…any case, that’s about it for me! If you consider yourself an “un-American” American (or one who doesn’t consider oneself patriotic to one’s respective country), let me know why! Take care.

 

— Rebecca

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9 thoughts on “Why I’m not a Good American

  1. I always thought we had it bad in the UK with the choice of politicians to vote for, but the US presidential election has really put things in perspective.. It’ll be interesting to see the result, since to me neither candidate seems a wholly good idea for America! Totally get your point about American food, though it was the portion sizes that baffled me when I visited- I just couldn’t comprehend people eating that much for one meal!

    Liked by 1 person

    1. Seriously…the US presidential elections this year have gotten so ridiculous, even the rest of the world follows it! There have been French people whom I’ve discussed this with, and it’s scary that they seem to know more about the candidates than I do!

      As a curious American: how are UK politics looking right now? Are the politicians really that unfavorable with the public?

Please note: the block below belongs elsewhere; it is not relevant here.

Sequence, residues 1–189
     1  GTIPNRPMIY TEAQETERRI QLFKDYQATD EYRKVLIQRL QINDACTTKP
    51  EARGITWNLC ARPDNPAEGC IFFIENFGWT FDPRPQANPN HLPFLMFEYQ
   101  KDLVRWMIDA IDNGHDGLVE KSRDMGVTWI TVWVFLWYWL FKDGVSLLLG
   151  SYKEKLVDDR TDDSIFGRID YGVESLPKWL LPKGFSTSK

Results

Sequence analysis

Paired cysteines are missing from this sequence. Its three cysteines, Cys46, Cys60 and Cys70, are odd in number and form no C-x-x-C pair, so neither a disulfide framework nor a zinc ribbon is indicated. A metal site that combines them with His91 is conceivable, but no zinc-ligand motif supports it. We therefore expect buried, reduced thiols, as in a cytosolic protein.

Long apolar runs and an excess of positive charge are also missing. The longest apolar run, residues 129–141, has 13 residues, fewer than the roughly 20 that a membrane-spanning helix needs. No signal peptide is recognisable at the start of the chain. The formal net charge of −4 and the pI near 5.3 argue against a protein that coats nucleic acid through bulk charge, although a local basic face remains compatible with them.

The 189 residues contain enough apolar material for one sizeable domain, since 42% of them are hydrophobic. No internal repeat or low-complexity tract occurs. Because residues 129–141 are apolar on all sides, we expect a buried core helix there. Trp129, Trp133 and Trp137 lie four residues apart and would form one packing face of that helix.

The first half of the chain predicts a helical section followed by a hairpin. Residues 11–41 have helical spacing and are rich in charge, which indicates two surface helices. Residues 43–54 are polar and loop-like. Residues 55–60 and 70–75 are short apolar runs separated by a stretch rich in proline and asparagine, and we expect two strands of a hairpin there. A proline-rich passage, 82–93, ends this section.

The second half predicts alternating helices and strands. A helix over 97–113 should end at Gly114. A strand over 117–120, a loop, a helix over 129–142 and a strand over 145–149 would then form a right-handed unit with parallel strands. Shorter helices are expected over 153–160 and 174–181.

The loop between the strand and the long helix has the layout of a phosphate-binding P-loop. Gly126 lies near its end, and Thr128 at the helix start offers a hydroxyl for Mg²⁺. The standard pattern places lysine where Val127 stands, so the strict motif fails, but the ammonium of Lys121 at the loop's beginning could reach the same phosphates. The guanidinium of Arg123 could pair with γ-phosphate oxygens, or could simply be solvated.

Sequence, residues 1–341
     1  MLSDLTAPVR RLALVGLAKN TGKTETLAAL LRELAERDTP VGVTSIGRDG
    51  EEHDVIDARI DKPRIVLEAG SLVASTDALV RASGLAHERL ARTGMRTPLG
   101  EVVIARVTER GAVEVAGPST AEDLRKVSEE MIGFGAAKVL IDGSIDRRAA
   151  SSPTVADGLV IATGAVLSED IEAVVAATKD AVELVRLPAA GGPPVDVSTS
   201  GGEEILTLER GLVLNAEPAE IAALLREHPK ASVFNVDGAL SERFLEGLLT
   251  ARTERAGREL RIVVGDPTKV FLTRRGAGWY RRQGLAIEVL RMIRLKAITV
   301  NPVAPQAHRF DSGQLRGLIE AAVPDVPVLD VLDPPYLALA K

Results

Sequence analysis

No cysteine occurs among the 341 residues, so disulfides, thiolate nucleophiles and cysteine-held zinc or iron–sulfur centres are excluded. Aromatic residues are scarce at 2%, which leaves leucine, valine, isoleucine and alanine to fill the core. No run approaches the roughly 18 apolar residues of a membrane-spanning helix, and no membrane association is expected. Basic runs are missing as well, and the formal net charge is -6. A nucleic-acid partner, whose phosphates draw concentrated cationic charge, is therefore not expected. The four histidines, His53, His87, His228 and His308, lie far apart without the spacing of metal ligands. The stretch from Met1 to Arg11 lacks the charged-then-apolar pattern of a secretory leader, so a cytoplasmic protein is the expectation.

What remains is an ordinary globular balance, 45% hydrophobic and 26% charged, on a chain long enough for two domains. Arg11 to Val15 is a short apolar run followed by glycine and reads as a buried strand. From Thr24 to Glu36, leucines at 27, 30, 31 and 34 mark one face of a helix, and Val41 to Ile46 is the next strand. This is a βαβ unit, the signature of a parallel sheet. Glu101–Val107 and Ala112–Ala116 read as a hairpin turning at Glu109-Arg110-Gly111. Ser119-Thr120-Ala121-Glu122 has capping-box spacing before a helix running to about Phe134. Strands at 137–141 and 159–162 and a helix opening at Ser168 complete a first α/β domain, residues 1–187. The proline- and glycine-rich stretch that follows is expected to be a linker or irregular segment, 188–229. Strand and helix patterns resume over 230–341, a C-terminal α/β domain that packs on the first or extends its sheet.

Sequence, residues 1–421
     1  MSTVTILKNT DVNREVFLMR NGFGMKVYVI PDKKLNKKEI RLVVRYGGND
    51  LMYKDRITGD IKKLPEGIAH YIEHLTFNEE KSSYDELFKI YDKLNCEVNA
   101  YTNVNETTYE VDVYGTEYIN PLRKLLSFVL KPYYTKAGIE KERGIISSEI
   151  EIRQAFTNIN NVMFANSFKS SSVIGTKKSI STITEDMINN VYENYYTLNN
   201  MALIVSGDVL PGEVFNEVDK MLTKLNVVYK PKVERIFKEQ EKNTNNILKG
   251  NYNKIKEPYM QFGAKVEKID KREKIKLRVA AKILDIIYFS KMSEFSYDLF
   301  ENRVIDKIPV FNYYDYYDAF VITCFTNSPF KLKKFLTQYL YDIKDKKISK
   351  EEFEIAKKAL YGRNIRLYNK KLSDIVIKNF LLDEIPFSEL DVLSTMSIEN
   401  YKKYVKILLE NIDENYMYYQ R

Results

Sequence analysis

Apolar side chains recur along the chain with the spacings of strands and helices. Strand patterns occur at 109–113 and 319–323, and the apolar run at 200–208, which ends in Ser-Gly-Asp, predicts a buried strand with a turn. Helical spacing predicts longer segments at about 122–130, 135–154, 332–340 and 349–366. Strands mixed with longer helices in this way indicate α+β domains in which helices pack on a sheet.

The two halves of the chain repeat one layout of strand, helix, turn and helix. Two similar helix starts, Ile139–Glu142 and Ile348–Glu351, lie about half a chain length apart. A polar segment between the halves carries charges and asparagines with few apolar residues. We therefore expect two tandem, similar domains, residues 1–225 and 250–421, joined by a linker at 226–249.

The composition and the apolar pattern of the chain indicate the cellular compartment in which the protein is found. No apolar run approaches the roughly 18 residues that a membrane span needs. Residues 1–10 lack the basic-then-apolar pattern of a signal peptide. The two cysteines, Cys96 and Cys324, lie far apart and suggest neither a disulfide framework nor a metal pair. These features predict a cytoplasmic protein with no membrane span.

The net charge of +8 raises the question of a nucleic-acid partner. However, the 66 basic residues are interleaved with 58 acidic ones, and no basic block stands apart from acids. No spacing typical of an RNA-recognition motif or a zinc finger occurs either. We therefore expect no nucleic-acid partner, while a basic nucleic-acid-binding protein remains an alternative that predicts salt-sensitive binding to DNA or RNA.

Even I agree that the US food portions are unreasonably large; when I go out to eat (and actually finish the plate), I’m done for the rest of the day!

      Like

      1. It’s just ended up so ludicrous, and there’s another few months til one or other of them actually becomes president! The sad thing is, from an outsider/ non-American’s perspective, neither candidate looks like that great an option – it’s seems to be a “lesser of two evils” sort of choice. The British political scene is still very centred on Brexit and the results of it; all I know is through BBC news, so not much, but it seems like a mixed bag. Some articles claim we’re already seeing the benefits, others claim the worst is yet to come. I think there’s a bit of resent towards Theresa May from some people, as she wasn’t elected by the people, and obviously the Labour party are in turmoil (who knows where that will end up!) – sometimes it feels like they’re acting like children and just need to grow up and get on with running the country!